Be strong against evil (verses 10-13)
Three imperatives are given to believers:
- “be strong” (verse 10)
- “Put on the whole armor of God” (verse 11)
- “stand” (verse 13-14)
Be strong: Paul has emphasized the power for living in Christ in this letter. This strengthening power is something that is continually done to Christians, not something that they do themselves. This is a life spent drawing on strength from Jesus. To be “strong in the Lord” means to know His strength and to draw closer to Him.
Put on the whole armor of God: This echoes the intentionality of Ephesians 4:24 “put on the new self”. Like choosing to put on clothes, we must choose to put on the new self and the armor of God. This is to put on the characteristics of God and is a furthering of Ephesians 5:1 “be imitators of God”. Only by taking on the characteristics of God can we be strong.
Stand: These instructions are relevant to the individual, but we must understand that Paul is talking to the church collectively to put on the armor and stand as one for Christ. To stand means to have strength, stability, and success in conflict. The conflict is with evil and the devil’s schemes. Evil rarely looks evil. It often appears attractive, desirable, and perfectly legitimate. The devil is a liar, into trickery, and the evil in our present age is a baited and camouflaged trap full of imitations. In the midst of this, we must stand strong as we “wrestle” while bringing about God’s Kingdom on earth. The kingdom that opposes God’s Kingdom is the kingdom of Satan.
The powers may rule darkness and evil, but we as Christians no longer live there – we are in Christ and evil powers are subject to Him. In the midst of this cosmic heavenly war (God’s way and plan for earth vs. Satan’s), we are to recognize our position in Jesus and act accordingly (1 John 4:1-6).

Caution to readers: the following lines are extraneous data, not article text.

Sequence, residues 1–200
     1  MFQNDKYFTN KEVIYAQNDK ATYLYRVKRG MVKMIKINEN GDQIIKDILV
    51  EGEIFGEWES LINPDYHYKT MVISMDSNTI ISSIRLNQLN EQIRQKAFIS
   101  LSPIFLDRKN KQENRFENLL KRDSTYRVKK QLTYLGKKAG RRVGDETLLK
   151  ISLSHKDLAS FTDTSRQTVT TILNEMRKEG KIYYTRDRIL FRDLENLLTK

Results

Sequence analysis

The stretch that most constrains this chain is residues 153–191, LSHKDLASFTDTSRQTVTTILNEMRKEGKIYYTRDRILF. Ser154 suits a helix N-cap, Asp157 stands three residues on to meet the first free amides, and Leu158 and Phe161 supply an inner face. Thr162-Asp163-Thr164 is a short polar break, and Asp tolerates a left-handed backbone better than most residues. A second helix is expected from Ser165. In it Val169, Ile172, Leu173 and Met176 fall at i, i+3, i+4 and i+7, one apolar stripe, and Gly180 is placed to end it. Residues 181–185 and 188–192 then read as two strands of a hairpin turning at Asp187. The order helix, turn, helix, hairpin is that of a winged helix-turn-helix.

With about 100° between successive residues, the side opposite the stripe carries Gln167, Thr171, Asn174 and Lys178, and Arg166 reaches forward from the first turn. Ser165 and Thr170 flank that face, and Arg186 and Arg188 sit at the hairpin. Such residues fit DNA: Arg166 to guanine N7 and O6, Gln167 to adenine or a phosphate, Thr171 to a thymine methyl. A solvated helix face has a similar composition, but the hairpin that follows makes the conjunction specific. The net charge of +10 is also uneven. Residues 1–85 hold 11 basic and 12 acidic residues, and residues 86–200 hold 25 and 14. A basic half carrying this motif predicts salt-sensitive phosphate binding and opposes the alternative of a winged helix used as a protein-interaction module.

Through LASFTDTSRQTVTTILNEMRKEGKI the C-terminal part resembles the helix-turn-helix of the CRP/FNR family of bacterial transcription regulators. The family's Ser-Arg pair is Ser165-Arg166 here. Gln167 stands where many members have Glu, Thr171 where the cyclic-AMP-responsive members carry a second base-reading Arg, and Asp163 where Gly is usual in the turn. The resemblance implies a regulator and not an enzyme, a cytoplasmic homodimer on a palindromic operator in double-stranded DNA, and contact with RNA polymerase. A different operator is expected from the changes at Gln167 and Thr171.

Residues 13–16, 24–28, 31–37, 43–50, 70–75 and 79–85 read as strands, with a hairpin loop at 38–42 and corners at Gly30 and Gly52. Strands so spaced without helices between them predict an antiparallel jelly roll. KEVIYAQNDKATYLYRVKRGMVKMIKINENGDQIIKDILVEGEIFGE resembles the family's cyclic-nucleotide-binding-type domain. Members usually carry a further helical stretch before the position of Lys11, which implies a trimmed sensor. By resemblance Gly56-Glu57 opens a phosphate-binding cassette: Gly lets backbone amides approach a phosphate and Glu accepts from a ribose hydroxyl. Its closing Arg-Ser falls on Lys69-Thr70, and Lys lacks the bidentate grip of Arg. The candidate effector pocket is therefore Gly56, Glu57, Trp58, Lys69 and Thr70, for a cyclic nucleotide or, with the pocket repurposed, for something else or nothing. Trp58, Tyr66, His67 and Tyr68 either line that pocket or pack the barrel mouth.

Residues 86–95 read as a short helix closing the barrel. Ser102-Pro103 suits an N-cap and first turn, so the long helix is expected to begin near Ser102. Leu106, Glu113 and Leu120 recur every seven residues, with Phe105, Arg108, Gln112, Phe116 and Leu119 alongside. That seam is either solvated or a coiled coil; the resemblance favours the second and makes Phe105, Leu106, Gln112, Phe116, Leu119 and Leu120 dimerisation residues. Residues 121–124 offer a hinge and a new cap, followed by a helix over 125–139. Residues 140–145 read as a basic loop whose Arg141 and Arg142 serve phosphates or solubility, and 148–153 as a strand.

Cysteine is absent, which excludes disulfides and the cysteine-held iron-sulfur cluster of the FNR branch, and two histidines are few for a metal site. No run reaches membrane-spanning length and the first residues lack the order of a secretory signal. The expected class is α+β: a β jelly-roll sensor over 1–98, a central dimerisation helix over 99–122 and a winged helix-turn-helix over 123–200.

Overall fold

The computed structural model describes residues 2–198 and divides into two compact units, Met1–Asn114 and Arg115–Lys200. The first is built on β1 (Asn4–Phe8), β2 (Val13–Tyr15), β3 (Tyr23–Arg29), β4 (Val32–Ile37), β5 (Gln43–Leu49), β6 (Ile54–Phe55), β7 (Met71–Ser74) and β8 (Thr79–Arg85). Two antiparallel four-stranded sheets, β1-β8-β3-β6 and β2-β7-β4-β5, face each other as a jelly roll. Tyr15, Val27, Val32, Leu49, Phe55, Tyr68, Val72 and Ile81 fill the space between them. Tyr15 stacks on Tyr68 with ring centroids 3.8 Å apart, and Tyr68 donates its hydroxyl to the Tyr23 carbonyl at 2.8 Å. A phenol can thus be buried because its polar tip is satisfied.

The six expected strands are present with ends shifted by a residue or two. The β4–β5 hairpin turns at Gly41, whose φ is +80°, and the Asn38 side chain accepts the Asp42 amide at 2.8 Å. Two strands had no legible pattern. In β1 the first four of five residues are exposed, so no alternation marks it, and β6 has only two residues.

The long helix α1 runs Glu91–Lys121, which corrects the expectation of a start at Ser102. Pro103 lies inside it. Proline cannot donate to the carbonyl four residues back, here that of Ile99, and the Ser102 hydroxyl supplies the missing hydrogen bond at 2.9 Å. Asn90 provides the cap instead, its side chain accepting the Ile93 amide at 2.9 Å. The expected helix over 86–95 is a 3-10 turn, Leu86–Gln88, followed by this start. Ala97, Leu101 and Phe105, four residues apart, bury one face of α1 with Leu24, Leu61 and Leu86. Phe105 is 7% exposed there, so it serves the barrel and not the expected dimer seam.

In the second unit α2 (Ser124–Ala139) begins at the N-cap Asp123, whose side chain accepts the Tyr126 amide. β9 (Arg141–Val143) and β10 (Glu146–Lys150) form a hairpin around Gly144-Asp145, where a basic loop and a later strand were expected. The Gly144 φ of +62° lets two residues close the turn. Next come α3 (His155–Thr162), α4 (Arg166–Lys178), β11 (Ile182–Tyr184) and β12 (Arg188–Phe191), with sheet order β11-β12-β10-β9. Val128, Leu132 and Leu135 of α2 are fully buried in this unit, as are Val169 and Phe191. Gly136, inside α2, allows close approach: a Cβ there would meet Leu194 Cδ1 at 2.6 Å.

The armor of God (verses 14-20)
The armor described is that of a heavily armed Roman foot soldier. The armor is simply an analogy that Paul uses because of its Old Testament influence found in Isaiah. The meaning would not have been any different if Paul simply told us to “put on truth, righteousness, readiness and faith, and take hold of salvation and the gospel”. Association of specific parts virtues and their parts were never intended (1 Thessalonians 5:8).
The call to put on the armor of God - to put on Christ – to put on the new self -is a call to us that reaches farther than personal piety – it is a call to accept another view of the world. This call makes sense of Paul’s demand for unity and maturity in the church. The reality of what Christ has done for us has to be applied to every area of our lives – this is an act of our will and done with the help and power of the Holy Spirit.